Wood joining technique
Butt joints in my DIY projects
As you grow comfortable with butt joints, it is important to experiment with complex ones that are appropriate for the project that you are working on. Needless to say, butt joints are simple and hence ideal for anyone who is starting to pick up interest in carpentry.

Besides butt joint, I have also used mitre joint in one of my DIY projects. Can you guess which one ? Meanwhile, do leave your comment and let me know your thoughts on this post.
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October 2012, I joined this group called Chennai Crafters in Facebook.

December 2012, we had the opportunity to meet up with some of the talented folks of the group.

Febuary 2013 these folks met up again (Oh ! I missed this meet) and were working on a secret mission.
After few random meets here and there, this is what they came up with.

Announcing ChennaiCrafters one-of-its-kind handmade craft exhibition / fair - URBAN HANDS.(Do click and join the events page to know more about the products and event details)
Hand Made crafts fair
Chennai's exclusive handmade product exhibition
Conceptualized and organized completely by the talented crafters themselves, this event ups my excitement factor and is something I don't want to let pass by. 

I could not get Woodooz up on the posters this time, but, am certainly going to be there to help, cheer and support everyone putting up a stall.

The products are going to be exclusive. Unique. And not something you would find elsewhere easily. Each crafter has built a brand of his / her own and is something you should not miss.

Invite your friends. Invite your family. And if you are reading this, you have already been invited. We are going to be there. Are you ? Leave me a comment if you are, because it is an opportunity to meet you in person, outside of this virtual world.

Chennai Crafters
The treat you are in for at the fair
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My cousin invited us over during the weekend to her kid's project day at his school. The theme was "Community helpers". 5-6 kids took up one community activity and had to explain the role of the respective helper in the society. Postal service, Police station, Fire Station, Hospital, School, Agriculture were some of the stalls on display. It was a pleasant surprise to see my nephew take up the role of a carpenter :)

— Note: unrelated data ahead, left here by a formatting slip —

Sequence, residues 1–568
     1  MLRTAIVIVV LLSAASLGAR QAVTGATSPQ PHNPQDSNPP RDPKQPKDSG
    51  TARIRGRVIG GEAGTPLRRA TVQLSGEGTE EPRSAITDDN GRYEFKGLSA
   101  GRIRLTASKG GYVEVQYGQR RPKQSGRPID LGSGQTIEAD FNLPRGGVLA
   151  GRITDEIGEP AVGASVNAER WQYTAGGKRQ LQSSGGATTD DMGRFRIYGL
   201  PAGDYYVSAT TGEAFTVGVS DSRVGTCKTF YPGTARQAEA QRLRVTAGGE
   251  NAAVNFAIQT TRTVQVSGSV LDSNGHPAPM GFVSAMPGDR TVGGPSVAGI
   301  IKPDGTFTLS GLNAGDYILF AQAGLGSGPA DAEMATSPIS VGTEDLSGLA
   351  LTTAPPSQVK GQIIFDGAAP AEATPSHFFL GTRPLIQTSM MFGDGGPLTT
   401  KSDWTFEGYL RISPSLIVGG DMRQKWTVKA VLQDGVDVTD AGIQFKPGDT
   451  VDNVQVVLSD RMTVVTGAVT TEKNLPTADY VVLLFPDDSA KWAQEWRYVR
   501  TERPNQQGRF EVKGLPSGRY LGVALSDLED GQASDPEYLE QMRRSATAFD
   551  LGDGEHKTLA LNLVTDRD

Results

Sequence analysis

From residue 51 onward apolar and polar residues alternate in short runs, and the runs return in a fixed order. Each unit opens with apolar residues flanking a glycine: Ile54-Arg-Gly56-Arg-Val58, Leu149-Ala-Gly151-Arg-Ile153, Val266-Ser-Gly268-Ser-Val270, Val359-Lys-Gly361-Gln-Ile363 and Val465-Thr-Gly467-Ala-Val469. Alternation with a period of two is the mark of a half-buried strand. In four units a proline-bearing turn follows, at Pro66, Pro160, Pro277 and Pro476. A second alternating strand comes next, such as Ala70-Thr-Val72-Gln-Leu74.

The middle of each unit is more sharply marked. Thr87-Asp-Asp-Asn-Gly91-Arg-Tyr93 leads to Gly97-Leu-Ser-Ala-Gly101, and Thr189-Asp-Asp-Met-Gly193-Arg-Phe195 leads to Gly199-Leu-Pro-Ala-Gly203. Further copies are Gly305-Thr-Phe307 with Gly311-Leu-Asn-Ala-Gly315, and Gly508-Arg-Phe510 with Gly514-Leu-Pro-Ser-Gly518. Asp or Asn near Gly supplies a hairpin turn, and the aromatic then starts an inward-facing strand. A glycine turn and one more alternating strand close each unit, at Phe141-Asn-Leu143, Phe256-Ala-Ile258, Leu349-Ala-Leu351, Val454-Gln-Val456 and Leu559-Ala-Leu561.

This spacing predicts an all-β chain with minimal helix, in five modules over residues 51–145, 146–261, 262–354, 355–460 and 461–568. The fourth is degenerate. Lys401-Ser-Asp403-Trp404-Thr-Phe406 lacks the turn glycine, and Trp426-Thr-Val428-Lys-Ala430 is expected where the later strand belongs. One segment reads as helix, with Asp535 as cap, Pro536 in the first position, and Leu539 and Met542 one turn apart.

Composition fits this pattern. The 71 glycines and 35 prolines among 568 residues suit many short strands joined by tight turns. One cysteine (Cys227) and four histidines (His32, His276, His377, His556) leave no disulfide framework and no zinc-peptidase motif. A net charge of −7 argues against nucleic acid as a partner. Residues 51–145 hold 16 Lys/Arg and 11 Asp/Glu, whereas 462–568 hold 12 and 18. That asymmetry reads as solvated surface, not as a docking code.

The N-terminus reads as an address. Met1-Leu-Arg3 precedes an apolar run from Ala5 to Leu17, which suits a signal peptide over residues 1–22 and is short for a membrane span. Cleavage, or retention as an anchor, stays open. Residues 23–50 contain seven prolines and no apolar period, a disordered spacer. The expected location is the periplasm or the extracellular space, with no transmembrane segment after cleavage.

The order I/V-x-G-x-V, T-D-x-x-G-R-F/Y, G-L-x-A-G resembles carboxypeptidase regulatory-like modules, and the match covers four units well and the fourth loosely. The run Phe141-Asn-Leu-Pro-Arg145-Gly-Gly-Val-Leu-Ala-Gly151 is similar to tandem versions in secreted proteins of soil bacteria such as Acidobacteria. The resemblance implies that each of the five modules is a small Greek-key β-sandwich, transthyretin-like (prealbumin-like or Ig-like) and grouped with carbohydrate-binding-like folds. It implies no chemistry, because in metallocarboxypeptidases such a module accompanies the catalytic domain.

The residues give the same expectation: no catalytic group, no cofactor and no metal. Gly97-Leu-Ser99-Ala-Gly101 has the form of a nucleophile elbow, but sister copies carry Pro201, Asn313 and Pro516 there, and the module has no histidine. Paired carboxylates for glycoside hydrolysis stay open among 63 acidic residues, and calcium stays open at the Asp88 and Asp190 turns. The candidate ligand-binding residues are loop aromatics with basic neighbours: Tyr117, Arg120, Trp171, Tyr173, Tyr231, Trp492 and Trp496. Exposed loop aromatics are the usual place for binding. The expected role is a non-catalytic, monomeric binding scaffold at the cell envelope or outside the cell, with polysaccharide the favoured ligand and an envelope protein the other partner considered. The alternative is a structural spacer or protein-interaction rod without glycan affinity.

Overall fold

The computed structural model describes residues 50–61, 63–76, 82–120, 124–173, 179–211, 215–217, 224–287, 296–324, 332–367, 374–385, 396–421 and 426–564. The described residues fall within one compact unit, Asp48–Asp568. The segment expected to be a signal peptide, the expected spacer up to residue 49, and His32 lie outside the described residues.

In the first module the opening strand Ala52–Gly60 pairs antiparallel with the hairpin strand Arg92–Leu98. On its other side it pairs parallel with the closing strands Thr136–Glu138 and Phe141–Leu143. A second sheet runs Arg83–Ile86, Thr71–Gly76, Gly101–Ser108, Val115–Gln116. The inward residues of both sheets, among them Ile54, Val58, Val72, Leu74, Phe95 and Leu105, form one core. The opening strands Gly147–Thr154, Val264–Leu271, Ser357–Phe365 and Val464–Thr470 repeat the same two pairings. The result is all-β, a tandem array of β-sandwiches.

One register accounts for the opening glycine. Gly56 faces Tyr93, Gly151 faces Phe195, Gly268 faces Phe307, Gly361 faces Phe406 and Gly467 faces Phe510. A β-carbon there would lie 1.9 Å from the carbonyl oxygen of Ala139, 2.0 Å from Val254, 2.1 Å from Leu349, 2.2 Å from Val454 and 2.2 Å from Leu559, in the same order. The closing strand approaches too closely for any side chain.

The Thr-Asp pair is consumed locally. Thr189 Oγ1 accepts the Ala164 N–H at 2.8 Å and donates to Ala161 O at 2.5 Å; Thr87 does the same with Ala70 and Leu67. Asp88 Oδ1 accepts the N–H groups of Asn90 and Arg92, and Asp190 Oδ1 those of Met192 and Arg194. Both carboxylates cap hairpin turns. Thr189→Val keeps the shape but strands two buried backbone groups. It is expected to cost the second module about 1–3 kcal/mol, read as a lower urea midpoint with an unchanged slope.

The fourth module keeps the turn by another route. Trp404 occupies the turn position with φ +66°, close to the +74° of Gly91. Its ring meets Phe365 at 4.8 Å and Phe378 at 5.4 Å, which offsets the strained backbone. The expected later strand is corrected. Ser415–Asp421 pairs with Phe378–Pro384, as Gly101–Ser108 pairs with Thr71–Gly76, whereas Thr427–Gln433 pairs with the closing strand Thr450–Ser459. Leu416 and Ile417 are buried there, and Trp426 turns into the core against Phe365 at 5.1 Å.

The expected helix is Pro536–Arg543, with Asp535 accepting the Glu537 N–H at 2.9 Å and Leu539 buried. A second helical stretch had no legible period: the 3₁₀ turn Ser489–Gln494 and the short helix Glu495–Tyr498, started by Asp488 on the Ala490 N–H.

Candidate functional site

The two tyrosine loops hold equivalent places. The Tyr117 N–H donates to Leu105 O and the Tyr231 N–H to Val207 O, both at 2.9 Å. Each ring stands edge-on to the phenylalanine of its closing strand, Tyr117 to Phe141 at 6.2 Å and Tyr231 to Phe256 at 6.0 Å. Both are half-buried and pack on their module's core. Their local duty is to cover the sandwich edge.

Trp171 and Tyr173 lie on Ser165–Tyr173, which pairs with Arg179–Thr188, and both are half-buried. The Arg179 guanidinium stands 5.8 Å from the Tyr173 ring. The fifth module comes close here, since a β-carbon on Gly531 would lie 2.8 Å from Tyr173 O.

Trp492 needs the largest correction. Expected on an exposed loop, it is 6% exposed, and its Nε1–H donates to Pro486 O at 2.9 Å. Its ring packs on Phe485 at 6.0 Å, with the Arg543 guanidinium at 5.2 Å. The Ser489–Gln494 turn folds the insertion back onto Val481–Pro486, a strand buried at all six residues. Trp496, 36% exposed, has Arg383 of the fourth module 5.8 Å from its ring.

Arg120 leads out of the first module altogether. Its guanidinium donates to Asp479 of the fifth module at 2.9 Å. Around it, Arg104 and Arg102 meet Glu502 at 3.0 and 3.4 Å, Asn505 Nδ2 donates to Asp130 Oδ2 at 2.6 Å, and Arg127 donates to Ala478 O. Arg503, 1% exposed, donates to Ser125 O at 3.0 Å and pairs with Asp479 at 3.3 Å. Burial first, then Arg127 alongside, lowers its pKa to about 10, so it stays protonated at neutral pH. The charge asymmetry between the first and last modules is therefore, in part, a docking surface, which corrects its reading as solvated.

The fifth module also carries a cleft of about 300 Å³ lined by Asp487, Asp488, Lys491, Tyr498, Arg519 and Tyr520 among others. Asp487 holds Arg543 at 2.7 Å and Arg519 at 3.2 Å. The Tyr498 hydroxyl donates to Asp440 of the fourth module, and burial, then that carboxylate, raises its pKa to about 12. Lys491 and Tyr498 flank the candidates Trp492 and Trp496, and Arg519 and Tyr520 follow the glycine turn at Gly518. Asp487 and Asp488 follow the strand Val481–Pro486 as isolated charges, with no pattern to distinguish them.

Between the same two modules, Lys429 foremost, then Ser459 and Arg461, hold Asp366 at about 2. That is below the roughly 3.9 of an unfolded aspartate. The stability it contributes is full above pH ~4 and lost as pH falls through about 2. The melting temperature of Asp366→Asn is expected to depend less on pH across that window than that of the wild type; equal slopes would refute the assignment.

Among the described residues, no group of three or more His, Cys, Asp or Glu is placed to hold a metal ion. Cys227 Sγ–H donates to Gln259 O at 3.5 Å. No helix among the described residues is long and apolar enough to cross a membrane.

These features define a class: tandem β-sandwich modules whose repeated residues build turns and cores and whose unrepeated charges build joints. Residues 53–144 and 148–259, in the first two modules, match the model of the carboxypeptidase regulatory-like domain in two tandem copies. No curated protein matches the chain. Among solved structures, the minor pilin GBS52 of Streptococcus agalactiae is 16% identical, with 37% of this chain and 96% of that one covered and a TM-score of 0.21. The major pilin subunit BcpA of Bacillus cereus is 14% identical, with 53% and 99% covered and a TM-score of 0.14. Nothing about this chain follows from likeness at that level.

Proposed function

Carpentry in India
Carpenter - A Community Helper
"I am a carpenter and I do various kinds of wood work. I use these tools to build houses, cots, shelves, chairs", is what the kids were explaining to the onlookers. They had all kinds of woodworking tools on display including a drill, hammer, planer, clamp, chisels, screw drivers, hand saw and more. They also had miniature models of a shelf, couple of chairs and a table. And they were well prepared to take up any question related to what was on display in their stall.

Woodworking
Carpenter and his tools

Carpentry tools in India
Carpentry Tools
We went there to cheer for and encourage my nephew and were pleasantly caught unawares to see him explain an activity that I have, in recent times, been so passionately taking up. I liked it that the parents chose a respectable uniform for the mini carpenters despite many insisting on going with the cliched "Lungi". Carpenters, much like many others, work towards making our lives much easier and it is a positive sign to see this thought being instilled in the kids.

Do you agree that carpentry in India can be beyond just a profession and can be a leisure activity that anyone can indulge in ?  Or think it is just another myth ? Leave me your comments.

Due credits : While I did take the pictures, the credit for the charts and the entire set up goes to the parents of the kids and the school faculty.


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This DIY project started off as a requirement for an inverter battery case. The need was to make something that will blend in with the rest of the living room furniture and so we decided to do a side table / cabinet that will hide the out of place battery and the stabilizer. Though I started off with a very simple design  it took me close to 6-7 months to really start putting the effort to build it. Decided to pose with it to give you an idea on the size of this cabinet.
Indian DIY
Do it yourself - Side table 
While I shall come back and put up a detailed post on how this can be effectively built by you too, I was a little impatient and wanted to show off the finished product here. I will leave you, for the moment, with  some work in progress photos.
DIY Cabinet
The making of a DIY Side table / Cabinet
While I have all along been used to working with one side teak, this time around I decided to apply the finish directly on the plywood. This is something I had not done before and so I was a little skeptical. That said, I should accept that the outcome was quite satisfactory. If you have been following our "How to stain wood" series in Woodooz, you would understand how the  finish for this cabinet was achieved. 

I used European cup hinges for the cabinet door. The installation procedure for a cabinet door using cup hinges has earlier been documented in this blog. I chose a very simple pair of knobs from the local store for the door. Work is still in progress as I need to apply the final coat of varnish and also install a shelf to hold the stabilizer.